Calculus II
MA1022 A02, A04 - 2014 A term



Professor Dr. Suzanne L. Weekes
Office 202D Stratton Hall
Email sweekes@wpi.edu
Office Hours Mon   9:30-11:00
Thu    9-10:30     and by appt.
See also Tutoring Centers.
Course Web Page http://www.wpi.edu/~sweekes/MA1022
A02 Lectures MTRF 2:00-2:50 Salisbury Labs 305
A02 Conferences Fridays 10:00-10:50 Stratton Hall 106
A02 Maple Labs Thursdays 10:00-10:50 Stratton Hall 003
A02 PLA Corre Steele clsteele@wpi.edu
A04 Lectures MTRF 1:00-1:50 Stratton Hall 308
A04 Conferences Fridays 12:00-12:50 Stratton Hall 106
A04 Maple Labs Thursdays 12:00-12:50 Stratton Hall 003
A04 PLA Meena Khayami mlkhayami@wpi.edu

Grading Quizzes = 8% x 5 = 40%
Homework = 30%
Final Exam = 20%
Lab Assignments = 10%
Textbook Thomas' Calculus: Early Transcendentals (13th Edition) plus MyMathLab
You must have one of the following:
  • the bound version that comes with a MyMathLab Access Code
  • the loose leaf version with MyMathLab Access Code
  • the e-text only version with MyMathLab Access Code which can be purchased at www.mymathlab.com for $95.20. The Access Code can also be purchased at the bookstore.
  • Important Information Lecture and HW Schedule
    Course Outline , Course Information ,
    Tutoring , Students with Disabilities , Academic Dishonesty

    Course Outline

    This course provides an introduction to integration and its applications. Topics covered include: Riemann sums, fundamental theorem of calculus, basic techniques of integration, volumes of revolution, arc length, inverse trigonometric functions, exponential and logarithmic functions, and applications.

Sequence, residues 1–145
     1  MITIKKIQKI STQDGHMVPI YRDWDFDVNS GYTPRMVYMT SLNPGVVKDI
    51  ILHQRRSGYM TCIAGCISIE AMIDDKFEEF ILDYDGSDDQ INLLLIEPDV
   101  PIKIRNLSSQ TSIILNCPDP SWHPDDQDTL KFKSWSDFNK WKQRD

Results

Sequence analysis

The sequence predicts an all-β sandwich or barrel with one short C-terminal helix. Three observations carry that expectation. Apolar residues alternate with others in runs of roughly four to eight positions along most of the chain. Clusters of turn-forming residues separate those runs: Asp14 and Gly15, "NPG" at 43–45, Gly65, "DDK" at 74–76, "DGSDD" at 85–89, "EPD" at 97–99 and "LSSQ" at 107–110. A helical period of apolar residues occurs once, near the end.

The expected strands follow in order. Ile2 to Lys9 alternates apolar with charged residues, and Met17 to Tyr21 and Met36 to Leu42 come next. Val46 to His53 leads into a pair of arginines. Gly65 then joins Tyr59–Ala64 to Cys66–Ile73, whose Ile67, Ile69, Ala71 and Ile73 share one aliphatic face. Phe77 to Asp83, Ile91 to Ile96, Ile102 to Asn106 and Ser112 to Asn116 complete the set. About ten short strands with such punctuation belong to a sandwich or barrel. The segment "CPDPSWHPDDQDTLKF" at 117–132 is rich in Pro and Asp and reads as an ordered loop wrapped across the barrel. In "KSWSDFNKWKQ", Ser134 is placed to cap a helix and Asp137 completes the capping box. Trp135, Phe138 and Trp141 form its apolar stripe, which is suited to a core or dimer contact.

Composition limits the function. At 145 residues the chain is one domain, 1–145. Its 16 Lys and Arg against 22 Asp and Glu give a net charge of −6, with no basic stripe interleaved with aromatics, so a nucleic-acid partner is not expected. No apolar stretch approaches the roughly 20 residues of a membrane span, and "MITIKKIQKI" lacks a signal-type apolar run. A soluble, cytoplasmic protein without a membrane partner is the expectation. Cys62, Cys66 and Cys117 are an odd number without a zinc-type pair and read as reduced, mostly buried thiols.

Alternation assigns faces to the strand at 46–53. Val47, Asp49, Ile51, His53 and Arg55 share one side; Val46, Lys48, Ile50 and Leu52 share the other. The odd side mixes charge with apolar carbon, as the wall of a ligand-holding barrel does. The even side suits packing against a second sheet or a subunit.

Recommended background: Differential Calculus MA1021


    Course Information

    The class meets six times a week: four times in lecture, once in conference, and once in the computer laboratory. You are responsible for any and all material discussed in lecture, conference, and lab.

    Aside from the 6 hours that you spend in class each week, you should expect to spend at least 8 hours more each week working on your own: reading the book, reading and organizing your notes, solving problems.

    Conferences:
    In the Friday conference sessions, you will meet with the Peer Learning Assistant (PLA) for the class. You will be able to ask the PLA questions on the material covered and homework. The PLA may also give you in-class assignments and review course material. Homework will be due in conference.

    Homework:
    Written Homework: Problems will be assigned for each section of the book covered and will be posted on the class web page. It is necessary to do, at a minimum, the assigned problems so that you can learn and understand the mathematics. You should do additional problems for further practice. Working the exercises will help you learn, and give you some perspective on your progress.

    You are welcome to discuss homework problems with one another but you must write up your homework solutions on your own. Be mindful of your academic integrity.
    Your homework will be collected in conference each week. Late homework will not be accepted. If you must miss that day's class, you should have your work turned in before class time in order for it to be graded. Work on the problems daily as we go through the relevant topics!

    Your work should be very legible and done neatly. If the work is not presentable, and is illegible, you will not receive credit for it.
    Please staple the sheets of your assignment together.
    Discipline yourself to write clear readable solutions, they will be of great value as review.
    You need to show both your answer and the work leading to it. Merely having the right answer gets no credit - we can all look them up in the back of the book.